Big changes in the world of storage sprinklers.
NFPA Journal®, July/August 2009
Twenty years ago, the development of the early suppression fast response (ESFR) sprinkler was greeted with optimism that went beyond the availability of a new option for storage protection. It promised a new era of improved sprinkler performance and a way to measure and predict that performance. Measurement of the sprinkler characteristics for required and actual delivered density over a range of heat release rates, along with a prediction capability for sprinkler response, meant that fire suppression, defined as reducing the heat release rate of a fire and preventing its regrowth by applying water through the fire plume to the burning fuel surface, could be achieved.
Today, substantial changes are taking place in storage sprinklers. As the 2010 edition of NFPA 13, Installation of Sprinkler Systems, was prepared, the technical committees decided to merge large drop sprinklers and specific application control mode sprinklers into a new category of control mode specific application (CMSA) sprinklers. Systems using these sprinklers are designed on the basis of a minimum number of sprinklers capable of operating at a specific minimum pressure appropriate to the hazard. The sprinklers are control mode, not suppression, sprinklers, since they do not guarantee the penetration of the fire plume or the prompt heat release rate reduction expected with ESFR sprinklers. But they do promise an extremely economical approach to fire control, with relatively few sprinklers expected to operate. CMSA sprinklers are already listed for lower operating pressures than ESFR sprinklers, and, in some cases, for larger protection areas per sprinkler and lower total water demands. It is conceivable that ESFR could largely be replaced by the new CMSA sprinklers.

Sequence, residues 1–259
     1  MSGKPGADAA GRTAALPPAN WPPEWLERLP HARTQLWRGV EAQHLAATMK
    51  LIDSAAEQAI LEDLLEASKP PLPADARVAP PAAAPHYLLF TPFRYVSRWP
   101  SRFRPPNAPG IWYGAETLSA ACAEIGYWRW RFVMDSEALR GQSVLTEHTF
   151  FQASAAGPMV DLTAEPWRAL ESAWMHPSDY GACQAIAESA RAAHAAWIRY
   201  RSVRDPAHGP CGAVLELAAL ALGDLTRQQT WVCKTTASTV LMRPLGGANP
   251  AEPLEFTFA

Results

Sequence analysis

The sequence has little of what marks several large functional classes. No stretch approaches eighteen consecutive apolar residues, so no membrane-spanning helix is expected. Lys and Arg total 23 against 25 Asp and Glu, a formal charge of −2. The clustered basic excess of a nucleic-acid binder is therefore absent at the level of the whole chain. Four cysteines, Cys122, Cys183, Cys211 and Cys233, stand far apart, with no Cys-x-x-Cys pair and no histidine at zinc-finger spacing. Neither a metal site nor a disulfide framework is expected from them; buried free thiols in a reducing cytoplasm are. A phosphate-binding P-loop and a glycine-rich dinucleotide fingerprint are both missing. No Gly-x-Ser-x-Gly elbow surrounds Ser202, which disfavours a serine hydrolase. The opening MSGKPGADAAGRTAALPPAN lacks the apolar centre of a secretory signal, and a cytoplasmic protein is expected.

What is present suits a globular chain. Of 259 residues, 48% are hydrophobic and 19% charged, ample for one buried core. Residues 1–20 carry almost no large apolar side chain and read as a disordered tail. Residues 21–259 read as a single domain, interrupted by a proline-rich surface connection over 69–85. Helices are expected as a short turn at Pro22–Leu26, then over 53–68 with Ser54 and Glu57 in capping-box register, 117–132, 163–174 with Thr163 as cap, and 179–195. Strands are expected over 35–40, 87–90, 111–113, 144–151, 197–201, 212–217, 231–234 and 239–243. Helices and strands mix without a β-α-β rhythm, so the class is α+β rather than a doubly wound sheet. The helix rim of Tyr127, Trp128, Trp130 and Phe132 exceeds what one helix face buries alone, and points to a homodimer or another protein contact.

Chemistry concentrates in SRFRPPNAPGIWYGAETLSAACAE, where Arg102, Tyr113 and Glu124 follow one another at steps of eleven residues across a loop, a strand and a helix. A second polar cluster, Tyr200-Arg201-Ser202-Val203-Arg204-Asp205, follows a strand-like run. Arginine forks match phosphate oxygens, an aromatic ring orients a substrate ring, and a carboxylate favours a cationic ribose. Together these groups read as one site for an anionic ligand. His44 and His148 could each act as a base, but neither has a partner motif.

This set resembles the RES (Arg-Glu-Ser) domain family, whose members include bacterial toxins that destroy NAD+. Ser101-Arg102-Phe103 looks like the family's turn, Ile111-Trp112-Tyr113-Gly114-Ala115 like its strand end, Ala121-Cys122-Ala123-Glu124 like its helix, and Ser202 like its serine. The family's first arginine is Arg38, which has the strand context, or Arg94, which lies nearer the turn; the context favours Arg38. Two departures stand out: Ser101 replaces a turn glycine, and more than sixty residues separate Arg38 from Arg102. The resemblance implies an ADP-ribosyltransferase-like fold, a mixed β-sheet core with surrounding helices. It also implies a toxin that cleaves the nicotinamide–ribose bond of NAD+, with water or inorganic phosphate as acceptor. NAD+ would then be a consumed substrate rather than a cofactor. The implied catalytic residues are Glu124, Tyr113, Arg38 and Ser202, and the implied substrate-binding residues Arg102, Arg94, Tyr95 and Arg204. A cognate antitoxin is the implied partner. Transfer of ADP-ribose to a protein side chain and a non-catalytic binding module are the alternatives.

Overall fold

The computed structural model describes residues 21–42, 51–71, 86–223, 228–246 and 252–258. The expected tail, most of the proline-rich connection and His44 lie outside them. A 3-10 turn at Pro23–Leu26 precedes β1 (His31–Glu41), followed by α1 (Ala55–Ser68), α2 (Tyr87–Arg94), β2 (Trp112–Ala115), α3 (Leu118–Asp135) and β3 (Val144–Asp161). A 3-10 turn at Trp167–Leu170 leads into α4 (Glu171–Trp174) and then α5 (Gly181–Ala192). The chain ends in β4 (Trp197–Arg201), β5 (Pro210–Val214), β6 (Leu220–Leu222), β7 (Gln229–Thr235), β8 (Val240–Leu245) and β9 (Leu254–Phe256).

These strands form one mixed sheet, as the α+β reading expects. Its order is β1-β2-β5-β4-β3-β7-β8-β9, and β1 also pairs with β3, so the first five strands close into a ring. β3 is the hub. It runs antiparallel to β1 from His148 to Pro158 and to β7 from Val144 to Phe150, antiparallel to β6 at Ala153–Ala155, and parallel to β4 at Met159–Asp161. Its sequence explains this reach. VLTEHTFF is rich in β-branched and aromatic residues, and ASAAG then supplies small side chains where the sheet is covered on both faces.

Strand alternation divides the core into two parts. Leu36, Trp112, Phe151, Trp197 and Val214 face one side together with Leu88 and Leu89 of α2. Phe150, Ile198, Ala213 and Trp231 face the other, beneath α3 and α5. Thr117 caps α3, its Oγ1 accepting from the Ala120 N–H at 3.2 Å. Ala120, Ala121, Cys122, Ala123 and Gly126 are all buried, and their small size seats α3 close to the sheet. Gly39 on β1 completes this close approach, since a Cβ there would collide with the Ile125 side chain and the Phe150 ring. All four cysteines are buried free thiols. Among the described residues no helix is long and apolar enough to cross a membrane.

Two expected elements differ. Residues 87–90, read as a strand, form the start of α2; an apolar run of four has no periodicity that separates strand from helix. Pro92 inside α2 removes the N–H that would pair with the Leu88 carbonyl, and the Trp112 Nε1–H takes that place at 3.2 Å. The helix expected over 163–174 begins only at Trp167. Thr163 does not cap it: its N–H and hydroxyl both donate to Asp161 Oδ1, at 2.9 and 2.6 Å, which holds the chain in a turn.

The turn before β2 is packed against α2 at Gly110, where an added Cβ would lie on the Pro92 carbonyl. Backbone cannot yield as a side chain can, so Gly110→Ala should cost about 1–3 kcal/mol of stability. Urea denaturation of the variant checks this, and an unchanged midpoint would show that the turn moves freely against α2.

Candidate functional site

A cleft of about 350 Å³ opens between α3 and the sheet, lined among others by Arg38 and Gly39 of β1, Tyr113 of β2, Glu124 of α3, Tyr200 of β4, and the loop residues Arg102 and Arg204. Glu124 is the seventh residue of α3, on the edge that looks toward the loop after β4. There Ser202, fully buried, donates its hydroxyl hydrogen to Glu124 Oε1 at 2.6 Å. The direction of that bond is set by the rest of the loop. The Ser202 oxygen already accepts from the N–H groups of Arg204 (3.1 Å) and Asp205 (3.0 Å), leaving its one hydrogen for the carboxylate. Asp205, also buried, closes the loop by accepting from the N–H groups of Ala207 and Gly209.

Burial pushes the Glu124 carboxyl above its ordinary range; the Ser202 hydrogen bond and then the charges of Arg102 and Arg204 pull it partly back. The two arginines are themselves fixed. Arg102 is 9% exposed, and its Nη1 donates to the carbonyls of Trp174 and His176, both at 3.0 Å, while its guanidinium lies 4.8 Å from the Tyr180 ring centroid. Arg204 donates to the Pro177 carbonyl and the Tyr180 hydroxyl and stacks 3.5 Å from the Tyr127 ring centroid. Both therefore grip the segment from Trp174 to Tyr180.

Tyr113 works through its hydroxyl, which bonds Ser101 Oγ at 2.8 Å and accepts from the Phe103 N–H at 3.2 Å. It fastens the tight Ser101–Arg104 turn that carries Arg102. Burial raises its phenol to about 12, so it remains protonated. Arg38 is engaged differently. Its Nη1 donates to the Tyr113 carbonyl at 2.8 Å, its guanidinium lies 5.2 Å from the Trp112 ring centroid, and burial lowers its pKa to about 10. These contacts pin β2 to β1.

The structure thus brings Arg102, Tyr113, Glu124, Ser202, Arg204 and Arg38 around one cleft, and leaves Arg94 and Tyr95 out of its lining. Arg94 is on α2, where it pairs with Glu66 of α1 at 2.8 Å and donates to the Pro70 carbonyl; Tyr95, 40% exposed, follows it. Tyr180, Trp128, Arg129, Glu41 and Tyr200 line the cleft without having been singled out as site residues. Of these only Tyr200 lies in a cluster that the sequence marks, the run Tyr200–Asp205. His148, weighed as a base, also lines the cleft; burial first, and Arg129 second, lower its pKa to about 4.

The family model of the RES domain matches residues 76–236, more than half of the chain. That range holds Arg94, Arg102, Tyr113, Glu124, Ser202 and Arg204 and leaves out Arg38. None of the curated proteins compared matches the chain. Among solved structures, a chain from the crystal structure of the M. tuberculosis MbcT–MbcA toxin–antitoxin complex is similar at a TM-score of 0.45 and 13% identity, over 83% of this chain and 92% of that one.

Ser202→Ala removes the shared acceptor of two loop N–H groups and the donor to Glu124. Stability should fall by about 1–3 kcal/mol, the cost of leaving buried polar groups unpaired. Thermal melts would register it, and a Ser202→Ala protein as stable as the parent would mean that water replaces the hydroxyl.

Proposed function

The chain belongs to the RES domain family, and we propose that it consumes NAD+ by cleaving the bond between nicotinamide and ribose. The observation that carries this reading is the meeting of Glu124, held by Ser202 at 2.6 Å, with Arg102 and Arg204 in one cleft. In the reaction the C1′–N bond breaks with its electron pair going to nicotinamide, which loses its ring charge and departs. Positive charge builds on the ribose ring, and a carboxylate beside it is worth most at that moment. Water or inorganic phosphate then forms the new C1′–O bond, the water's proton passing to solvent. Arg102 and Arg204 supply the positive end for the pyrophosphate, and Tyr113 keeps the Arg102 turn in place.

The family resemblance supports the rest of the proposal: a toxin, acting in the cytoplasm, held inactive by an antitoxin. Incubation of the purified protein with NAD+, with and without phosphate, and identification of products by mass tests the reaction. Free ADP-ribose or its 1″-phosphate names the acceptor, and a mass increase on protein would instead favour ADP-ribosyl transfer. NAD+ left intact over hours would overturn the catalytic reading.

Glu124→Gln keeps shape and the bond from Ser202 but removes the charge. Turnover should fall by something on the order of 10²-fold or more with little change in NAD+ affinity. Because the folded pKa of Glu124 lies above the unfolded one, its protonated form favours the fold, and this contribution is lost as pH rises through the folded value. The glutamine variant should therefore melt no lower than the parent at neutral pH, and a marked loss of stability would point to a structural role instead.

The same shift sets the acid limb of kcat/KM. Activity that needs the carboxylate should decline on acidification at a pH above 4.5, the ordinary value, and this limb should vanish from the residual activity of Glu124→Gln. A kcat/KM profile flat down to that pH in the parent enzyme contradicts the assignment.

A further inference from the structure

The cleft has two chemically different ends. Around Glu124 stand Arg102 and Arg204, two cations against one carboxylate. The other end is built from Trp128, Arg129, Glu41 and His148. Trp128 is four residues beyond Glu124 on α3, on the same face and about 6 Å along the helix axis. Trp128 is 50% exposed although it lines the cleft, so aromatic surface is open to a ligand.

Although Underwriters Laboratories listings follow the minimum design areas and hose stream allowances specified in NFPA 13, some of the special economies available for the CMSA sprinklers come through FM Global listings. NFPA 13 allows the use of such listings, provided the installer follows all of the criteria stipulated with the listing. FM Global is moving even further away from an absolute distinction between suppression and control sprinklers, announcing future plans to simply categorize sprinklers approved for use in storage applications as “storage sprinklers,” with all design criteria based on the number of sprinklers and minimum pressures, although minimum design areas will address the situation of close-spaced sprinklers.
Perhaps the future of storage sprinklers was shown in the inability of the quick response early suppression (QRES) sprinkler to materialize. This was the term reserved in the 1991 edition of NFPA 13 for the non-storage version of the ESFR sprinkler. The Fire Protection Research Foundation’s original program of the late 1980s that validated the ESFR had a second phase intended to develop this suppression-type sprinkler for light and ordinary hazard occupancies. Testing conducted at Underwriters Laboratories showed that it was possible, and a tentative design method was developed. But the effort stopped when it became apparent there would be no economic incentive for the new sprinkler. The use of control mode sprinklers in light and ordinary hazard occupancies was simply too efficient and economical.
The fact that no one is currently pursuing a QRES sprinkler design statement is a testament to the improved performance expectations for control mode sprinklers, which have been made possible by the wide range of sprinkler orifice sizes now available. One way in which NFPA 13 is acknowledging improved performance expectations is with the truncation of the density/area curves. Beginning with the 2010 edition of the standard, the curves will not show or allow design areas exceeding 3,000 square feet (279 square meters). Gone are the days when it was considered acceptable to open ring after ring of ceiling sprinklers. While the new performance objective may be something short of early suppression, it does involve early, and economical, fire control.
Russ Fleming, P.E., is the executive vice-president of the National Fire Sprinkler Association and a member of the NFPA Technical Correlating Committee on Automatic Sprinklers.